When it comes to loss relief, you don’t have to report losses straight away - you can claim up to 4 years after the end of the tax year that you disposed of the asset. However the loss can only be claimed against the year it occurred in or the preceding year when offset against income tax. If offset against CGT, it can be carried forwards as with any capital loss. If a negligible value claim is made, you have more flexibility as you choose to treat the loss to be up to 2 years before the start of the tax year in which you make the claim. So, if you submitted your tax return on 31 January 2019 and included a claim with that tax return then you could specify an earlier time from 6 April 2016 to 30 January 2019.
As we have already mentioned, you cannot claim most reliefs until the company sends you an EIS3 certificate, which it cannot do until it has been trading for at least 4 months. Therefore it can take a few months for the application to be completed and the certificates issued. This certificate will contain all of the information related to the investment that is required, including the issuing HMRC office and their reference. For information on your HMRC tax office, to return the EIS3 claim form, your employer will be able to provide you with details.
This certificate must be kept safe, as HMRC may request that the original be sent in as evidence for the claim. As they are only issued as hard copies, another form must be requested if lost which again can take a few months.
Importantly, whilst the advice we have provided in recent weeks is based on the information and guidance available from HMRC, before any investment is made you should always consult a professional for impartial advice.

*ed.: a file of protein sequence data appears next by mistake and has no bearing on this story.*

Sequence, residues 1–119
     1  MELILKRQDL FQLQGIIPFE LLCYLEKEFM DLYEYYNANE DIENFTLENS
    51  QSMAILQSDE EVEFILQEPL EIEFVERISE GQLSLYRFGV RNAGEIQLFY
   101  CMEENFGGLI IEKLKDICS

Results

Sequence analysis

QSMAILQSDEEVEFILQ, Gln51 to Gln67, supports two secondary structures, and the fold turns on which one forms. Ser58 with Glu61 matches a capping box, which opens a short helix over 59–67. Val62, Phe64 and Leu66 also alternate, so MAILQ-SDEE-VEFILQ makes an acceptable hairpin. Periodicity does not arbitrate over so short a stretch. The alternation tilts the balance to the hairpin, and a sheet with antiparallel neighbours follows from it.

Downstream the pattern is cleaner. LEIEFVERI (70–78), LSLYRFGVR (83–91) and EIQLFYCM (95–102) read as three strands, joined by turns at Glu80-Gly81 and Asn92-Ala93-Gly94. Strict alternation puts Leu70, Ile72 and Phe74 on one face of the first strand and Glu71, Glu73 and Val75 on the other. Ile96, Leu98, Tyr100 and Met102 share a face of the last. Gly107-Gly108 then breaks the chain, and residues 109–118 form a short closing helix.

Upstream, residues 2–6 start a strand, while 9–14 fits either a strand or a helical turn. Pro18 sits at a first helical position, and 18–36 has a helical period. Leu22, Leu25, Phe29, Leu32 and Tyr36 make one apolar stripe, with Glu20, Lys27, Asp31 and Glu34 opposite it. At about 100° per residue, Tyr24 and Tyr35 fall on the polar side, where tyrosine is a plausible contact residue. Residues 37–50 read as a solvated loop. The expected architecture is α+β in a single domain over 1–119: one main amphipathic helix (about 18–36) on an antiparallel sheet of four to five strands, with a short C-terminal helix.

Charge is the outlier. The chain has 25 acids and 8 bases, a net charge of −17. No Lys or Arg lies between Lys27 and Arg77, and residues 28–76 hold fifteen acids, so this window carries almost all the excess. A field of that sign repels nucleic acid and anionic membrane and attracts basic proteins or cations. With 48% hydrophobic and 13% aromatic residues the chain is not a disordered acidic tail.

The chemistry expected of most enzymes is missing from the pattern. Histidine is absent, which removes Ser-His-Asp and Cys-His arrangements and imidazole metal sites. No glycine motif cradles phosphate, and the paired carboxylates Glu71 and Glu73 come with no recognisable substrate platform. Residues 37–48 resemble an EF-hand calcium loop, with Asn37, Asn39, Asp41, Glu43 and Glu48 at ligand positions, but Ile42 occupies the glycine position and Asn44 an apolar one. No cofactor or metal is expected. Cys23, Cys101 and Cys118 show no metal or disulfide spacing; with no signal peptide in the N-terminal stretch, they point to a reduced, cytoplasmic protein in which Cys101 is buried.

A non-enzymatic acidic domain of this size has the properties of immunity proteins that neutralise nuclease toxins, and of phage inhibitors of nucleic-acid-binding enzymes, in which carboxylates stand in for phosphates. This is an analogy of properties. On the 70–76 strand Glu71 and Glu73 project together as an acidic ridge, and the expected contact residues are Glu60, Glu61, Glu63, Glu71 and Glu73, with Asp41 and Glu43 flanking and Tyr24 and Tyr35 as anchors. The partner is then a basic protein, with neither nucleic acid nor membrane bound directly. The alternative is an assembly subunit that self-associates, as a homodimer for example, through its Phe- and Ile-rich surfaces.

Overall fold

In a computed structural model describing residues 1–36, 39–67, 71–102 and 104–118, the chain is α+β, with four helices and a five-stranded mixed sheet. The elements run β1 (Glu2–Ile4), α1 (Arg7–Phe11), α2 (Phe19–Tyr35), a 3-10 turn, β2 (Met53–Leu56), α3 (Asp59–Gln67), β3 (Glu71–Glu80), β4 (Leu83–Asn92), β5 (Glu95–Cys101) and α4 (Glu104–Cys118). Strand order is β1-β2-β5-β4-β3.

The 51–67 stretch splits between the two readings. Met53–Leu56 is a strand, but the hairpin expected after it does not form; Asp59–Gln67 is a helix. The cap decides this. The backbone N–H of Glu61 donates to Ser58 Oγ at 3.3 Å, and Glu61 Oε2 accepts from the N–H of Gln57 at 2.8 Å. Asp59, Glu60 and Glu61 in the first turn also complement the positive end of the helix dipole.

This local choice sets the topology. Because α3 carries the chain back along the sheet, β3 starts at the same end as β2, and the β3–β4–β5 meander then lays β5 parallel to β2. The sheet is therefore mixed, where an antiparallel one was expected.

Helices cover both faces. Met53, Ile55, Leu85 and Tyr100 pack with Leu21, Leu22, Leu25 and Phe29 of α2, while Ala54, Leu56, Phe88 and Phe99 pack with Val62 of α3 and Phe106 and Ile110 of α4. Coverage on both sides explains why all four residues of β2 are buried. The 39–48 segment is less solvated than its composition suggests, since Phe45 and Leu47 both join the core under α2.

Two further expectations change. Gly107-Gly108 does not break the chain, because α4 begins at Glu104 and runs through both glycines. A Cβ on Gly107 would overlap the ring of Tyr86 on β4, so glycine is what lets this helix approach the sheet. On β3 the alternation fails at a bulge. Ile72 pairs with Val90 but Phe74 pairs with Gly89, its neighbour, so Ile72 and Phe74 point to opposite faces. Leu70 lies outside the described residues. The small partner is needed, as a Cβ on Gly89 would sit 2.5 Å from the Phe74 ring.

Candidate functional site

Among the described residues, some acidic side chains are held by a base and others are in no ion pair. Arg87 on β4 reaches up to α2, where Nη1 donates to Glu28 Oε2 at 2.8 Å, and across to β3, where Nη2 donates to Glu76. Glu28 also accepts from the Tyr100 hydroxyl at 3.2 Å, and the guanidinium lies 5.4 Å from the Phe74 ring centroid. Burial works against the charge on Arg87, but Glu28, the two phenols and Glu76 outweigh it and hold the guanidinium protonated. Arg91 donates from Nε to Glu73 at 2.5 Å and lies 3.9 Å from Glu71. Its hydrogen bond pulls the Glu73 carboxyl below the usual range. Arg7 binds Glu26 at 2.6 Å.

And if you haven't yet explored the EIS?
The Enterprise Investment Scheme was created over two decades ago to further promote investment into unlisted early-stage businesses further to the defunct Business Expansion Scheme. Since 1994, the scheme has developed and adjusted its approach, but its focus has remained the same - and up until the most recent records (October 2017), over £16.2 billion of funds have been raised.
As the scheme has focuses on investment into early-stage startups, it is seen as a 'higher risk/higher return' investment strategy. However, as we have looked at over the last four weeks, this risk is offset by a collection of tax reliefs and incentives that reduce the total exposure while maximising potential upside. It is these incentives that have changed gradually over time, dependant on the economic climate and the requirements of the scheme, ultimately ensuring the longevity and sustainability of the scheme.
Staunch supporters of the scheme (as well as its sister scheme, the Seed Enterprise Investment Scheme), we work closely with our investor network to provide an array of tax efficient investment opportunities, many of which fall under the EIS umbrella, and do similarly work closely with the companies raising investment to ensure they are as suitable and appropriate for our networks' requirements as possible.